|Sign up to automatically receive the weekly TTB Newsletter (via email).|
TTB NEWSLETTER | Weekly News
July 25, 2014
IN THIS ISSUE
Greetings! We hope you had a stunning and victorious week! This week's top stories include information about new grape varieties that may be used on domestic wine, our Chemist Certification Program, and a list of the past week's top TTB Tools and Tutorials pages at TTB.gov/.
TTB 2014 SATISFACTION SURVEY
We Want Your Feedback
If you received our Satisfaction Survey postcard in the mail, please take the survey!
WHAT'S POPULAR ON TTB.gov/
Top TTB Tools and Tutorials Pages, July 14-20, 2014
ABOUT THE NEWSLETTER
The TTB Newsletter compiles the top TTB news of the week and other helpful information about the Bureau and the federal alcohol and tobacco laws and regulations we enforce.
Please send any questions or comments to the Executive Liaison for Industry and State Matters at Industry-StateLiaison@ttb.gov/.
Brought to you by TTB.gov/.
Want BIG text? Learn how!
ADDITIONAL GRAPE VARIETIES APPROVED FOR DESIGNATING AMERICAN WINE
TTB recently granted administrative approval for the use of five new grape variety names on American wine labels: Arandell, Aromella, Bianchetta trevigiana, Jacquez, and Tinta Amarela. Wine bottlers may use these names to label American wines pending the results of TTB's next rulemaking to revise the list, contained in 27 CFR 4.91, of grape variety names approved for use in designating American wines. Anyone may petition TTB for the approval of a grape variety name. Under 27 CFR 4.93, petitioners should submit evidence that:
Mail petitions to:
CHEMIST CERTIFICATION PROGRAM AT TTB
Many foreign governments require a laboratory report of chemical analyses of exported wine, distilled spirits, and beer before the products enter their countries. Many importing countries require government laboratories of the exporting countries to perform these chemical analyses or certify that the analyses were performed.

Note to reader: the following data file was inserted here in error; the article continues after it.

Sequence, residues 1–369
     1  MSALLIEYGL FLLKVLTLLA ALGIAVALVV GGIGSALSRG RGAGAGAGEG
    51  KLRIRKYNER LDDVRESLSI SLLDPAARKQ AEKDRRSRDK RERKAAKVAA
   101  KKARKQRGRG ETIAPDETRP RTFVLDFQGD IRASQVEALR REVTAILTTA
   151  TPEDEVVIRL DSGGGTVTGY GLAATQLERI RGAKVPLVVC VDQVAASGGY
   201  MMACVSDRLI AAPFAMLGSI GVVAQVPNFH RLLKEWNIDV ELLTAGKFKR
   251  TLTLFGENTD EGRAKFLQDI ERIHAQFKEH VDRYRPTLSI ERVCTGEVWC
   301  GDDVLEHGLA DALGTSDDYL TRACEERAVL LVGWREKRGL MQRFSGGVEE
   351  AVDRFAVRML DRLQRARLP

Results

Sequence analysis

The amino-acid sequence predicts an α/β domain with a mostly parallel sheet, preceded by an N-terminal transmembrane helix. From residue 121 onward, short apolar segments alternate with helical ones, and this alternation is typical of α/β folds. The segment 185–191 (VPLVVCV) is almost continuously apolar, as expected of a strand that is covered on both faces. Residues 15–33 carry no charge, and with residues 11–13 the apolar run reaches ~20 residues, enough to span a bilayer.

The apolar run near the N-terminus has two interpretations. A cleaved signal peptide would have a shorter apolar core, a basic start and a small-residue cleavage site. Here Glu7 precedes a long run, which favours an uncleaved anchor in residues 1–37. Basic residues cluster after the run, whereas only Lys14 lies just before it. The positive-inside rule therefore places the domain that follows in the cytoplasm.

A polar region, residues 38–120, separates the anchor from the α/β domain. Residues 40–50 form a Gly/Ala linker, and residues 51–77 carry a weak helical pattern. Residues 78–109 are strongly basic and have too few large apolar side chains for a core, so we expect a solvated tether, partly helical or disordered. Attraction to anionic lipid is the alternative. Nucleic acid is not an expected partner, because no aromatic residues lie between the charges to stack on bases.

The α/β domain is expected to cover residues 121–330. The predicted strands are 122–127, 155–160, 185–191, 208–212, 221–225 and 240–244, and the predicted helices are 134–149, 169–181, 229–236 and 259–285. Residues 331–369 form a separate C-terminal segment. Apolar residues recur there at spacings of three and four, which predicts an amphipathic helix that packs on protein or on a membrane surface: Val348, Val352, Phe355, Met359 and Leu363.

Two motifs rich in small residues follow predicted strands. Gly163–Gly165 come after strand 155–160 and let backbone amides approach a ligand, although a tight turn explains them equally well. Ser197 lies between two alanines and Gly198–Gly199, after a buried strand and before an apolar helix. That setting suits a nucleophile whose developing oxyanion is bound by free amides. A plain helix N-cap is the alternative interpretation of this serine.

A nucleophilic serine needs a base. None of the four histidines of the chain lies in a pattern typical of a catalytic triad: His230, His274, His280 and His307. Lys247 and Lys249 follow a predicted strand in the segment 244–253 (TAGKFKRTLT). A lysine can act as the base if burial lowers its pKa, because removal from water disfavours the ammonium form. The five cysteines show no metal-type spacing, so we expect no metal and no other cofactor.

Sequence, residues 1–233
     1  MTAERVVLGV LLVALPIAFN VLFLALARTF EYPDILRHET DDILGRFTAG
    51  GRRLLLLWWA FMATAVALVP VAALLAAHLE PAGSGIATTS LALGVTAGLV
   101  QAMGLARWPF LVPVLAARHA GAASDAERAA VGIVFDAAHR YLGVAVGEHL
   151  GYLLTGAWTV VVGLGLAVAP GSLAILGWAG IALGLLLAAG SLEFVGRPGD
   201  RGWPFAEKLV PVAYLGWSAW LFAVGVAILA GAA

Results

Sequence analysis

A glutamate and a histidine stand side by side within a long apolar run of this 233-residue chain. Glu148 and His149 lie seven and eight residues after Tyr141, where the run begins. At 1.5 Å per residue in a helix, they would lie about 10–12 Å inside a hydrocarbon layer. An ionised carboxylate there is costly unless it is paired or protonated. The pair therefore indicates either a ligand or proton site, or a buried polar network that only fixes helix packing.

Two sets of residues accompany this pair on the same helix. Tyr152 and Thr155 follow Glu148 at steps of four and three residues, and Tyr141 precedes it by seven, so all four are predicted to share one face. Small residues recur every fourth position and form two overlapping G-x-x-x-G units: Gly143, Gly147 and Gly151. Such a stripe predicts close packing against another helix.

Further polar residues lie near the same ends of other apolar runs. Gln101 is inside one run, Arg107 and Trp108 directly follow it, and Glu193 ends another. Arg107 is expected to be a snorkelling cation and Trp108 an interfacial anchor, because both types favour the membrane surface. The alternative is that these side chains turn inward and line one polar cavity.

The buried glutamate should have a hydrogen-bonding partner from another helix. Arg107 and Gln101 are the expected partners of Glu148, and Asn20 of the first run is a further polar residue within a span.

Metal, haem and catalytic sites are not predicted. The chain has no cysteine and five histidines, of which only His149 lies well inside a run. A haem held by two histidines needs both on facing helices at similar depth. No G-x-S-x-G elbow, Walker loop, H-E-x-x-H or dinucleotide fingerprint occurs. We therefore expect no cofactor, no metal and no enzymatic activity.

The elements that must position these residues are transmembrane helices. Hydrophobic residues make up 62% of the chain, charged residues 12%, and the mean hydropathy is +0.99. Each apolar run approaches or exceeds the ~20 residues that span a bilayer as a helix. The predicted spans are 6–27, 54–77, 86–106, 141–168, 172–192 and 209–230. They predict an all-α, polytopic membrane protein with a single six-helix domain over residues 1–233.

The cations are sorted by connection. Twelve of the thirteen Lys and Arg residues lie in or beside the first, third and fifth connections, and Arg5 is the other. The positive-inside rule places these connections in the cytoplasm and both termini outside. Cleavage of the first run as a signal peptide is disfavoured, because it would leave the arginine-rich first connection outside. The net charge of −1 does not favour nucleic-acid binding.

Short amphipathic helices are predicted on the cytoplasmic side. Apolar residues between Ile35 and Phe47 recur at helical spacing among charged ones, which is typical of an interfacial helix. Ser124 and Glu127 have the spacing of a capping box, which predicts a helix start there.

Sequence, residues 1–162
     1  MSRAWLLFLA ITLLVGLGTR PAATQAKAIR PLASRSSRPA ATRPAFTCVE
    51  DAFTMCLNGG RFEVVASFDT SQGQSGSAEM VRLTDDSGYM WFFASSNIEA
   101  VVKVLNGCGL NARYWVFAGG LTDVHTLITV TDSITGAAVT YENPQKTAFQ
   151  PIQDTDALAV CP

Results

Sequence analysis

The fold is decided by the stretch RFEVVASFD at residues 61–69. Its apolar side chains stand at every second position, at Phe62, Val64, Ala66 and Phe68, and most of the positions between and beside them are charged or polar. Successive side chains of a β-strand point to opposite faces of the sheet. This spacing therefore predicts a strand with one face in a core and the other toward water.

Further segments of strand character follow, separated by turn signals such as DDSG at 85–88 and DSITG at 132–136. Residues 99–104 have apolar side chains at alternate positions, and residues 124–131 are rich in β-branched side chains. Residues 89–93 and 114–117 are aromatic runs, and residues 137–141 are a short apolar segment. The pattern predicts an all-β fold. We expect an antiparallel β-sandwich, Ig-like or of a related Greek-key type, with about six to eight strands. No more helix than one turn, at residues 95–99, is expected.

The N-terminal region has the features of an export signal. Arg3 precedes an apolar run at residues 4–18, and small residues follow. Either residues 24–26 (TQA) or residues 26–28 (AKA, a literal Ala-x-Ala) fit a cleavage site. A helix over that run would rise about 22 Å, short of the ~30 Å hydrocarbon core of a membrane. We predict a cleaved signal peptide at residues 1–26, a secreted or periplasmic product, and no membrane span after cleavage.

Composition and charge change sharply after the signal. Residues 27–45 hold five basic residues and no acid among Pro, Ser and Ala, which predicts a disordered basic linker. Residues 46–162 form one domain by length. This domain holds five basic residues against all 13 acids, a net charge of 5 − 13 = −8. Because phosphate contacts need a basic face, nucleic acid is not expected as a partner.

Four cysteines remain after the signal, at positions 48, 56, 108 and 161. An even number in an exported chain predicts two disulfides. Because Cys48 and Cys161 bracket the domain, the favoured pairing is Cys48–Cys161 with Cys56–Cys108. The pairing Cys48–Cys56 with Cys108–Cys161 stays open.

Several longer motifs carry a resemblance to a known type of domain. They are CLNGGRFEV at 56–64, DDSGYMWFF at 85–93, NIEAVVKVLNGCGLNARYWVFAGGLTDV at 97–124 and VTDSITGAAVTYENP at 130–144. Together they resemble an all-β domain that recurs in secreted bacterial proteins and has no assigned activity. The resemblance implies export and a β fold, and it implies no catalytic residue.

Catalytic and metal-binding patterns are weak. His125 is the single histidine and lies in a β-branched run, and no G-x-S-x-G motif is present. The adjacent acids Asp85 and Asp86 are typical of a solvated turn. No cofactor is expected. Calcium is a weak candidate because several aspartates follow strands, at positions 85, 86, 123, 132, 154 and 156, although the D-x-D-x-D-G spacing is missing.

At TTB, we administer a program where chemists, enologists, and technicians in qualified U.S. laboratories in the private sector are certified to carry out these analyses for export purposes. TTB's Chemist Certification Program offers exporters of alcohol beverages the flexibility to perform specific analyses of their products either on site or through a third-party TTB certified qualified laboratory. This program ensures that chemists, enologists, and technicians are trained and can generate quality data for alcohol beverages. By using a TTB-certified chemist to do analysis, some exporters get the laboratory analysis completed more quickly thereby getting their product exported sooner.
Twice a year we share the list of certified chemists and qualified laboratories with foreign governments. We have recently updated this list.
Our Beverage Alcohol Laboratory at the TTB National Laboratory Center offers the Chemist Certification Program twice annually (spring and fall cycles). To participate in the program, applicants need to meet specific educational requirements, and must be able to analyze accurately the beverage alcohol samples (e.g., beer, distilled spirits) we send them. We will certify the applicant if a TTB chemist validates the applicant's report of analysis and the applicant meets all other requirements for certification. This certification is free of charge and is valid for two years; during this time, a TTB-certified chemist is authorized to perform specific tests and to generate reports of analysis to accompany alcohol beverage export shipments.
The Chemist Certification Program facilitates export of U.S. alcohol beverage products by allowing exporters to use a TTB-certified chemist to rapidly and efficiently perform required chemical analyses for the export market.
For more information about the program, or to view a list of TTB-certified chemists, please visit our Chemist Certification Program Information page.
Please visit the homepage of TTB.gov/ for the most recent news, or visit the Contact Us page if you have any questions.